A variety of injuries strike the vertebrae; most are serious enough to cause severe pain. Vertebral compression fractures may occur in response to osteoporosis, but can also result from excessive pressure or a hard fall. Especially serious compression fractures are known as burst fractures; these occur when the bone shatters, with bone fragments possibly piercing the spinal cord.

Although less severe than burst fractures, vertebral dislocation can prove quite painful. Dislocation occurs when one or more vertebrae are displaced, typically in response to a traumatic neck injury. Occasionally, dislocation and fractures occur at the same time, damaging both soft tissue and the spinal cord.

Symptoms of vertebral injuries vary somewhat based on the severity and whether a burst occurs, but sufferers can expect to experience intense pain, which worsens while standing or walking. Many also suffer reduced range of motion.

If you suspect you’ve suffered a vertebral injury on the job, contact Smith, Wallis & Scott, LLP at (770) 214-2500 to learn more about your options.

Scared of Driving After a Loved One’s Accident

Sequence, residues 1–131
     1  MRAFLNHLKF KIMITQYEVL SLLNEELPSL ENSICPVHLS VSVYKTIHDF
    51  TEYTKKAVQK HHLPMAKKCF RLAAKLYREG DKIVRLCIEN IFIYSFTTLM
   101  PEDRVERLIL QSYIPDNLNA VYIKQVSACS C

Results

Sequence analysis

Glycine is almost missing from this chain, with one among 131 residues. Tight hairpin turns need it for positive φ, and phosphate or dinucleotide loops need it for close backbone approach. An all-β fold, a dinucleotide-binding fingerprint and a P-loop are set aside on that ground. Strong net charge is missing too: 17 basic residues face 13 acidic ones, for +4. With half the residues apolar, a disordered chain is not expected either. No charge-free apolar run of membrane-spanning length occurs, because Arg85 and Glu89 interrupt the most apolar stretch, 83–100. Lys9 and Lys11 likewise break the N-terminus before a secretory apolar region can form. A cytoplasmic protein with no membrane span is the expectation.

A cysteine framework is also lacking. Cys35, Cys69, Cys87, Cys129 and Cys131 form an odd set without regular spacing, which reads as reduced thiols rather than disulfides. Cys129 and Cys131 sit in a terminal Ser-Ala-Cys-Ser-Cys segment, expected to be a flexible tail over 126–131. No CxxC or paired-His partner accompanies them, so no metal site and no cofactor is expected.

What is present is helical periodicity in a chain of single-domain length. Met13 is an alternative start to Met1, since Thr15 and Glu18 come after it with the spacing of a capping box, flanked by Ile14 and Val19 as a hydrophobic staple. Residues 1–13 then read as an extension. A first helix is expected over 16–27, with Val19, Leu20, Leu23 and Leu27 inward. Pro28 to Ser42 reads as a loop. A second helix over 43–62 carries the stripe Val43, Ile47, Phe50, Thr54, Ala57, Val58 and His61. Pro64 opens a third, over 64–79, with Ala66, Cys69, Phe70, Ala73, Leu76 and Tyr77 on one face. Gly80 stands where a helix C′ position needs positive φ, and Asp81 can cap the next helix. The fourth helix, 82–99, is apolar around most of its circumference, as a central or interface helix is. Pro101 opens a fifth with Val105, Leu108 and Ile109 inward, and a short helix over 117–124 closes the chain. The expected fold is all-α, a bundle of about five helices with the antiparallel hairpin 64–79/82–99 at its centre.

Dealing With the Fear of Driving After a Loved One’s Car Crash

Your loved one recently suffered a horrific car accident, and now, the mere thought of driving fills you with fear. Unfortunately, avoiding the road may be out of the question, especially if the car crash victim in your life requires transportation for medical appointments and courtroom endeavors. These tips will help you get over your crippling fear and return to full confidence behind the wheel:

Start Slow

If you’re afraid to drive, the worst place to confront your fear is a busy freeway at rush hour. Instead, stick to back roads and lighter traffic until you feel comfortable.

Drive With a Friend

If driving alone makes you feel anxious, arrange carpools or ask a friend or family member to accompany you on errands.

Enroll in a Defensive Driving Course

Defensive driving classes equip participants with the knowledge and split-second instincts they need to ensure the best outcome in the event of a collision. Once you complete the course, you should feel more in control behind the wheel.

Attend Therapy

If driving-related anxiety refuses to go away or creeps into other elements of everyday life, visit a therapist or counselor. Cognitive behavioral therapy could prove particularly helpful as you deal with intrusive rumination; your therapist can teach you to reframe your thoughts and fix incorrect notions. You may also benefit from exposure and response prevention therapy, which involves a series of tasks closely related to the cause of your current anxiety. The goal is to make anxiety-inducing tasks feel routine.

The stress of driving is bad enough after a car crash—the last thing you need is legal anxiety as well. The team at Smith, Wallis and Scott can ease this burden and help your loved one obtain compensation; get in touch today at (770) 214-2500 to learn more.